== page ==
Sunday, September 9, 2012

What’s the Definition of an Expert These Days?

The world-renowned scientist, Professor Stephen Hawkins, the recent master of ceremonies for the opening of the Paralympics in London said “the greatest enemy of knowledge is not ignorance – it’s the illusion on knowledge.”
As social media continues to find its role in our social and business lives is it encouraging more and more people to think or pretend that they are experts in a certain subject or field – feeling that to be less could be detrimental to their social standing?
We’ve seen in the past, for example, how society has created pressure through ‘size zero’ models leading to many young people developing eating disorders to achieve what they believed society demanded to be ‘accepted.’
So is social media ‘demanding’ that everyone must pretend to be an ‘expert’ to be accepted by society  and what are the potential dangers for business and more importantly these individuals careers, if this is the case?
Everyone has valuable opinions based on their experiences and what they have learnt through a combination of education, reading, listening, and/or just experimenting; and then applying what they have ‘learnt’ in specific or different environments. Hearing what people have experienced and ‘learnt’ in this context is definitely worth sharing, as we can then all learn something from everyone else (even if it’s how not to do something).
But the question is how many experiences ‘good’ and ‘bad’ does one have to have before one can be considered an expert in the field? – what is the benchmark that allows all of us to assess whether we are as knowledgeable as we need to be, rather than as we may think we are (or as we’d like others to think we are).
Social media seems to encourage people to write comments as if they are proven facts rather than what is only a personal opinion based on an unspecified number of experiences (or possible no experience what-so-ever and just a ‘blind’ belief based on something they have heard and/or read).
The Oxford dictionary (online) defines an expert as “a person who is very knowledgeable about or skilful in a particular area;” the Merriam-Webster’s dictionary defines an expert as “having, involving or displaying special skills or knowledge derived from training or experience;”  and the defines an expert as “a professional who has acquired knowledge and skills through study and practice over the years, in a particular field or subject, to the extent that his or her opinion may be helpful in fact finding, problem solving, or understanding of a situation.”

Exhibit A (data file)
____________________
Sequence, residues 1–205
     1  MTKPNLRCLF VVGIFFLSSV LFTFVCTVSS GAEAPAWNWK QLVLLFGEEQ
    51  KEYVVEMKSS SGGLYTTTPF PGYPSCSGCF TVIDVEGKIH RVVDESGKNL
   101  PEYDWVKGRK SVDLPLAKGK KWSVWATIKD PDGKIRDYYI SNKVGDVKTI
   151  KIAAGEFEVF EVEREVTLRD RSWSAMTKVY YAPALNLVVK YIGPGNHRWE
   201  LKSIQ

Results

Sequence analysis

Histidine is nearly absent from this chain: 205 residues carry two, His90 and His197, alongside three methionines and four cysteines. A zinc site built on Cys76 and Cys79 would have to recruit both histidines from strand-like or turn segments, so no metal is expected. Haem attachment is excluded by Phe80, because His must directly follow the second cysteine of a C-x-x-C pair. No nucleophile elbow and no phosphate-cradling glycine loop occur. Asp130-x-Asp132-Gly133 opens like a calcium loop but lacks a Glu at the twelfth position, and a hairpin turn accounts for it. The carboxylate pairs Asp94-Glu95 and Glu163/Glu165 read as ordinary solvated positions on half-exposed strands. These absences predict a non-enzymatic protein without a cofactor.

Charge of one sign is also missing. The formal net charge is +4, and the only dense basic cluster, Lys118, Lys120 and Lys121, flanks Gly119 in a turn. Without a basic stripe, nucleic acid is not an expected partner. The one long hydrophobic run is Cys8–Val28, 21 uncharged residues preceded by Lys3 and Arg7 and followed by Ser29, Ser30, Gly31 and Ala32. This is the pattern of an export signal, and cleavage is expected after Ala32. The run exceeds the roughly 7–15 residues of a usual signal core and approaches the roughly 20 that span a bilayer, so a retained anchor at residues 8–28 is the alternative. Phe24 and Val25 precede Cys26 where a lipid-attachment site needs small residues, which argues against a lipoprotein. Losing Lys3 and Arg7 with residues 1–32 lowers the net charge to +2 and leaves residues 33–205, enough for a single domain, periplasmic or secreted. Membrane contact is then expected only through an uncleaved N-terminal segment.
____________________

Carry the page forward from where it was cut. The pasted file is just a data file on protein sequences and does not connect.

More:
All of which tells me that we don’t really have a satisfactory definition of what an expert is in the first place and maybe some language ‘expert’ somewhere can come up with a definition which allows the title to be benchmarked and used appropriately, giving people something to really aspire to – a title that can be respected and trusted.
Otherwise the younger generation are going to find such an enormous amount of unsubstantiated ‘opinions’ written as fact, that we are going to create a learning ‘minefield’ rather than a global forum for ‘real’ knowledge transfer and exchange.
The Urban Dictionary’s (online) definition of an ‘expert’ probably gives a better indication of how society generally perceives the word in today’s socially engaging environment - (1.)Someone who thinks they knew how to do something but actually just screwed everything up. (2.) Someone who goes into a lengthy and serious explanation of doing something fairly simple or unimportant.
But maybe the fact that there isn’t a serious definition of the word is part of the reason that we continue to find many countries in recession and hear a constant stream of complaints about ineffective leadership in business across the globe - (yet so many ‘experts’ offering the ‘solution’ for it).
Radnedge, A. (2012). It all kicks off with a bang…a big bang. Metro. Thurs 30th August, p.4.

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